As always with Kitson’s shows, be prepared for him to ramble on past his allotted time frame, but I guarantee you will be left with a kind of warmth, and a moral that I for one have never experienced from any other artist.

Daniel Kitson -Where Once Was Wonder is on at The Playhouse, Melbourne Arts Centre

http://www.comedyfestival.com.au/2012/season/shows/where-once-was-wonder-daniel-kitson/

Win tickets to Dave O’Neil’s show “You Don’t Really Have a Job Do You Dad?”

You’ve seen him faffing about on In Gordon St Tonight or on one of his many appearances on Spicks and Specks and now you could win tickets to his lovely show

You Don’t Really Have a Job Do You Dad?

We’ve got 5 x double passes for next Tues 3rd April show!

If you ‘d like to win one of these double passes email us at

squirrels@squirrelcomedy.com

ASAP

Dave O’Neil’s show is on Tuesday to Sunday at 9pm at

The Upstairs Lounge @ Hairy Little Sista *

240 Lt Collins St, Melbourne

* Licensed venue. Under 18s must be accompanied by a Parent or Legal Guardian.

More info can be found here

An Interview with Ben McKenzie

by Lisa Clark

This year Ben McKenzie is appearing in (at least) eight different shows during the Melbourne International Comedy Festival. I’m wondering if this is a record and if this could be the inspiration of a sort of performers’ version of the Funny Tonne competition?

Well, I don’t know about a festival record, but it’s certainly a personal one! My previous record was four, and two of the eight aren’t official festival shows, so I’m not sure they count. I wouldn’t recommend trying to beat even six, though!

How did you make the move from the science world into the comedy world and is there still some separation, or have you melded them like two Vulcan minds?

It’s debatable whether I was ever really in the science world; I did study science at uni (mostly physics and computer science), but I never completed my degree. I have always loved science though. I was an actor finding it hard to get gigs, but I’d done some sketch comedy at uni and I decided I should write some comedy, and my first three comedy shows were solo shows about science. I was inspired by friends I admired – Lawrence Leung, Linda Catalano and Andrew McClelland – to write comedy about a subject I cared about.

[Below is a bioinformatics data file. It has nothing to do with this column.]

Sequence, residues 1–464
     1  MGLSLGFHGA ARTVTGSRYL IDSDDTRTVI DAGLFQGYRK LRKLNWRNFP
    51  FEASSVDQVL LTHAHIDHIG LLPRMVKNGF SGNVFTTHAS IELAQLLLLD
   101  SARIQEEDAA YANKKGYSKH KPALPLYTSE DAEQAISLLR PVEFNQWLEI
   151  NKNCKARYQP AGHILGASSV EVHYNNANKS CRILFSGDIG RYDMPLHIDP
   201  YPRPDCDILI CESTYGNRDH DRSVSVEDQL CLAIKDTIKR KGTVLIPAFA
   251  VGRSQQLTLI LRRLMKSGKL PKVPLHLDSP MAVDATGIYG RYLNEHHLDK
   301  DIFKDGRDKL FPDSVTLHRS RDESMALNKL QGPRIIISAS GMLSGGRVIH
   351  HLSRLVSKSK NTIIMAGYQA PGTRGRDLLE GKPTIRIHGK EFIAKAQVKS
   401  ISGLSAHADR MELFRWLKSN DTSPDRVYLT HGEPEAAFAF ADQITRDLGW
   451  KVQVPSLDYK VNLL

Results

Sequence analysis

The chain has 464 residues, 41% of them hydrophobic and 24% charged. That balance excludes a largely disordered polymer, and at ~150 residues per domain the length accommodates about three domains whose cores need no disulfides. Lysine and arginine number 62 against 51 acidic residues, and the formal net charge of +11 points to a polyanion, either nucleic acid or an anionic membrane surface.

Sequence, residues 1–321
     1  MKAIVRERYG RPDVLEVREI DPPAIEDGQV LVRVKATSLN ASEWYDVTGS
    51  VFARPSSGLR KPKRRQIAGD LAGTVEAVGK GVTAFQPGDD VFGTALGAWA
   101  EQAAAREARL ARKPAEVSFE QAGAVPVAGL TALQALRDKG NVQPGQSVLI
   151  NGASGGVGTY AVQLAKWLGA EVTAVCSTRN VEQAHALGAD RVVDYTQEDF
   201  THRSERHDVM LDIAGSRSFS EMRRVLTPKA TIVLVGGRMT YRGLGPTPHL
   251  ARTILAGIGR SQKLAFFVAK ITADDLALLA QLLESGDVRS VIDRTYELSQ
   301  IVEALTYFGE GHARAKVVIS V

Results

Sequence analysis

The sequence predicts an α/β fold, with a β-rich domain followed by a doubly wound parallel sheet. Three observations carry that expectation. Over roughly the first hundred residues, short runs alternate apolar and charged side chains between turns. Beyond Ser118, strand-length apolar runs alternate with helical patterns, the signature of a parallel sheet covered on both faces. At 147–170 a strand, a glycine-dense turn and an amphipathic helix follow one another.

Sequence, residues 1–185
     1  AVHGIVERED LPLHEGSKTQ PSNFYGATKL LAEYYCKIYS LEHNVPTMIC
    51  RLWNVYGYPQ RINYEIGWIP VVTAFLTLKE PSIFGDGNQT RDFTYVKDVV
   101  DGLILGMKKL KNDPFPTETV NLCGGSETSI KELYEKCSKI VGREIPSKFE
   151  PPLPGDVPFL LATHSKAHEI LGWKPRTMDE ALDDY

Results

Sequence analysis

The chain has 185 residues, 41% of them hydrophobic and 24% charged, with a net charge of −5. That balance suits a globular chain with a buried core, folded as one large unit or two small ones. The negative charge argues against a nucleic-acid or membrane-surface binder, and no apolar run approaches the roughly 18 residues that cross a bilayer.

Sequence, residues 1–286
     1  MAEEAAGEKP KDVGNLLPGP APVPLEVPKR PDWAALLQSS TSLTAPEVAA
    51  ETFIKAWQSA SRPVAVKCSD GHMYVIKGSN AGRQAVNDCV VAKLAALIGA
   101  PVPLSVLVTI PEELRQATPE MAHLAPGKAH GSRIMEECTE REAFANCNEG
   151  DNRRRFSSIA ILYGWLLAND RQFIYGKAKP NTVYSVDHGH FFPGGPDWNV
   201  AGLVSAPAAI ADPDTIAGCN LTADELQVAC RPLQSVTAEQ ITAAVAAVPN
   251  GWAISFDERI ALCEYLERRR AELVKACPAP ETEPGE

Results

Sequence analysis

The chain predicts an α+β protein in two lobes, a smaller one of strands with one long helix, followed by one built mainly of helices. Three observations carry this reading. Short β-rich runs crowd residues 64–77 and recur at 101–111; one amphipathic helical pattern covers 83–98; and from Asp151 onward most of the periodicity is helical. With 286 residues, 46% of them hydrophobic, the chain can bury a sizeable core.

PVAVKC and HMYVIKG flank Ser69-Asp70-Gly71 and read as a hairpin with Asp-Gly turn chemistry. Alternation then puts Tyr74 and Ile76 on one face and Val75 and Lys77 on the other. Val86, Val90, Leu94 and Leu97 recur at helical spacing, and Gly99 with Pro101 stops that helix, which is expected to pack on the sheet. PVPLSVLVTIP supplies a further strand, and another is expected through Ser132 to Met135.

Who in comedy has inspired you?

I’m constantly inspired by friends I’ve made through the comedy scene, like the people I named above. There’s so much great live comedy in Australia! Celia Pacquola and Hannah Gadsby inspire me; they each have a definite style and they really make it work, something I find difficult as I always wanted to change and try different things – probably to my detriment! I’m also a big fan of the British comedy scene.

You have been part of Museum Comedy since 2008, who have you got lined up as your guides this year?

This year I’ve decided to change things around and do a character based tour, so I have some great comic actors playing our tour guides. Dave Lamb is a WAAPA grad who’s worked with Bell Shakespeare, and he has amazing amounts of energy, he’s playing Dave, a new graduate of the Tour Guides Academy. Petra Elliott has a great, commanding authority, she used it to great effect in a recent role with La Mama; she’s playing Narcissa, a veteran guide who loves Melbourne and the history of the city. Her odd assistant Vic is played by Nadia Collins, who’s a great improviser with a talent for coming at things from an unexpected direction. It’s going to be different from our previous tours, I’m really excited about it!

What is your part in The Peer Revue?

I’m one of four performers brought together by re-science, a group who craft science experiences in Victoria to get adults interested in science. We’re each doing our own thing; mine is a reprise of a show I wrote for Science Week a few years ago in which I summarise A Brief History of Time in, well, it’s now about 10 minutes. It can be done!

Can you please explain what Pop Up Playground is all about? Remember that not all of us have heard of the ‘classic’ Werewolf – or is this used to weed out the non nerdy?

No, it’s definitely for everyone! It’s a game in which you and your team leader – who is one of the five guild leaders on your village council – must figure out which of the councillors are secretly werewolves. The werewolves kill off the council members one by one at night (when everyone has their eyes closed), and then you talk to your leader and team mates and try and figure out who the werewolves are. It’s all about bluffing the audience and trying to work out who’s lying, but the audience make the final decisions. Pop Up Playground is this and other games played live on stage.